This page on L-Threonate is currently marked as in-progress. We are still compiling research.
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L-Threonate is a metabolite of Vitamin C that is currently being investigated for some vitamin C-like properties as well as its ability to greatly enhance mineral uptake.
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Not enough information is known at this time to suggest an optimal dose of L-Threonate in isolation.
Mineral chelations of L-Threonate should be dosed according to the active mineral content of the chelation.
L-Threonate is a deriviative of L-ascorbic acid 2-phosphate (which in and of itself is a derivative of Ascorbic Acid, otherwise known as Vitamin C).
L-threonate is able to repress the expression of a gene known as dickkopf-1 (DKK-1) which is upregualted by Dihydrotestosterone (DHT) in male pattern baldness when co-cultured. It seems to work similarily to L-ascorbic acid 2-phosphate via alkaline phosphatase activity and releasing ascorbic acid into the cell.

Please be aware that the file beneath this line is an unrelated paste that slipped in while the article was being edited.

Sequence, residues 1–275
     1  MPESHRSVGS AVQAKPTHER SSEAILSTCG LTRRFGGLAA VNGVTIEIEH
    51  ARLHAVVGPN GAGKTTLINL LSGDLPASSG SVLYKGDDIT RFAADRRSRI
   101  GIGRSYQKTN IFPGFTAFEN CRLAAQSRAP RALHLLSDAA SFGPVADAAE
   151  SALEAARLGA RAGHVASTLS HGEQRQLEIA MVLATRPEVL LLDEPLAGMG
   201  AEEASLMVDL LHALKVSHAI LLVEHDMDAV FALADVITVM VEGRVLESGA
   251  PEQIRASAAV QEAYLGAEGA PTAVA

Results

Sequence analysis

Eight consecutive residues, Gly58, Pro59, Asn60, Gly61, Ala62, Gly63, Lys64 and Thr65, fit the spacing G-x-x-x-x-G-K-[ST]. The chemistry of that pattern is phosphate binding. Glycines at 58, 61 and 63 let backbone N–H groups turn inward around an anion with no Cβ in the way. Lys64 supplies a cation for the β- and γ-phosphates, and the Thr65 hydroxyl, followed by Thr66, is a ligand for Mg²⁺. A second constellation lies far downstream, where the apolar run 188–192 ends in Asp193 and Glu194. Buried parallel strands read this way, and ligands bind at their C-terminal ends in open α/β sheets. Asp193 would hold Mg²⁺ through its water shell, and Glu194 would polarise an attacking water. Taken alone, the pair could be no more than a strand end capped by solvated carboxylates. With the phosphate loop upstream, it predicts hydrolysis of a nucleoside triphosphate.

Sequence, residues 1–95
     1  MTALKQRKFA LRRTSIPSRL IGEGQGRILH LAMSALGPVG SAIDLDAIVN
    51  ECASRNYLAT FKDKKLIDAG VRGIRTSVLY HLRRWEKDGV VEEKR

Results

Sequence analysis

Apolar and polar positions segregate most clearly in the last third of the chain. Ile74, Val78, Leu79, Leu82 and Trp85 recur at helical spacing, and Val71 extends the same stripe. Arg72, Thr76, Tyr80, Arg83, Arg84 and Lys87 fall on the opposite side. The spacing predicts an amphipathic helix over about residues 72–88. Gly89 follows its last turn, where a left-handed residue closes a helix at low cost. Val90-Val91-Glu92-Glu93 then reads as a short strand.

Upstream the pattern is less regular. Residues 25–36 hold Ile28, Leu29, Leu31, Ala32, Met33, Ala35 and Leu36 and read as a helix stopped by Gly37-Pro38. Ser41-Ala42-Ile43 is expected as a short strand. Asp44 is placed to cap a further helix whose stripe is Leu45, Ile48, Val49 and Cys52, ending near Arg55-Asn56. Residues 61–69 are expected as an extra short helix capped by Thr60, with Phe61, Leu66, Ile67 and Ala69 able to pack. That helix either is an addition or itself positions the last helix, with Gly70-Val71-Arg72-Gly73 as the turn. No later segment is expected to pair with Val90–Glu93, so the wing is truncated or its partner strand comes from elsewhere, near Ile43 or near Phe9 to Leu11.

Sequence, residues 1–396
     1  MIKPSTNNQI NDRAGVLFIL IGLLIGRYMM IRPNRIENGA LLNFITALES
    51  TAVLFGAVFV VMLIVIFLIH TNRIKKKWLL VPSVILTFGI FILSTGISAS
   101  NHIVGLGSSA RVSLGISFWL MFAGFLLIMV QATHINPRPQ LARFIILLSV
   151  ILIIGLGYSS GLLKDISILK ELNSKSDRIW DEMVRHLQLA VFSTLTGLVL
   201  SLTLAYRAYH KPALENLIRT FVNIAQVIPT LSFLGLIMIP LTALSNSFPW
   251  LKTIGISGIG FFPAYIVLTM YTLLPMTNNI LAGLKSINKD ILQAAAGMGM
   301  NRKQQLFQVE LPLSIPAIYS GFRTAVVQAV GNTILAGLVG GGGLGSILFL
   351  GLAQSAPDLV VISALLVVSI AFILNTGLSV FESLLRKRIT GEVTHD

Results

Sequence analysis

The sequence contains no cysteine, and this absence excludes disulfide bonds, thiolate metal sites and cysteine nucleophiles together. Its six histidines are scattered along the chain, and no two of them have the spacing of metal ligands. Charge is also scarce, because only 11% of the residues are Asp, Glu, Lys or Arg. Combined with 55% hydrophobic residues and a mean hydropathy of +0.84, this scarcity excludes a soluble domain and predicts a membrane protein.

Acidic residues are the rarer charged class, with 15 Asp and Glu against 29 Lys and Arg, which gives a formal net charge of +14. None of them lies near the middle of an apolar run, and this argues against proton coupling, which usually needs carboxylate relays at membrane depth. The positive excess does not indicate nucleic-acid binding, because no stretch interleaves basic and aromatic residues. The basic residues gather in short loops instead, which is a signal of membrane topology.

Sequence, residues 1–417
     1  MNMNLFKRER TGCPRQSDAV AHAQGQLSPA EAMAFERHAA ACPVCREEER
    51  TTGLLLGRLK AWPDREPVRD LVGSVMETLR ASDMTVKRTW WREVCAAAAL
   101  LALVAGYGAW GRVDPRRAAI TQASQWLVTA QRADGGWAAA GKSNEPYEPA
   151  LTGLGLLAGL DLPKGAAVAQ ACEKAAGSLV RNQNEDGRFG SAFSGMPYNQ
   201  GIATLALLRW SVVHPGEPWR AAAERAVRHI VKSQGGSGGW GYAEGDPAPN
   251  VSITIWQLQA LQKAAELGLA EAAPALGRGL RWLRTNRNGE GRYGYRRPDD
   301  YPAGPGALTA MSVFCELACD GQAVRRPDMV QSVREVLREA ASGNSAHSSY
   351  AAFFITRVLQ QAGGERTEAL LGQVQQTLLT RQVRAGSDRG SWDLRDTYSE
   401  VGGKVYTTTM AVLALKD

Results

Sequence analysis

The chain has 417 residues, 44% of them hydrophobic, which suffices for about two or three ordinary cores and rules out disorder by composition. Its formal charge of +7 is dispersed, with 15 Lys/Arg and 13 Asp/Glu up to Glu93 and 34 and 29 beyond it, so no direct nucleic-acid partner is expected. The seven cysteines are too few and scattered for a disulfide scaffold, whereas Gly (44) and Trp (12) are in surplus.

Independent of its use as a conjugate to Calcium as Calcium-L-Threonate (to be discussed), L-Threonate has been investigated for its usage in bone health. It has been implicated as working synergistically with calcium in the production of collagen and mineralized nodules. and augments the uptake of ascorbic acid into fibroblasts. By itself, L-theonate can also act on osteoclasts in an anti-osteoporotic manner.
Minerals bound to L-theonate tend to have rapid intestinal uptake and report minimal gastrointestinal side effects. Minerals such as Iron, Calcium, and Magnesium have been tested with L-Threonate chelations.
The safety and toxicity of L-threonate has not been investigated.
(Common phrases used by users for this page include threonate supplements, thereonate, magnesium threonate and seizures, magnesium l threonate side effects, clinical studies of magnesium l-threonate, calcium L-Throenate)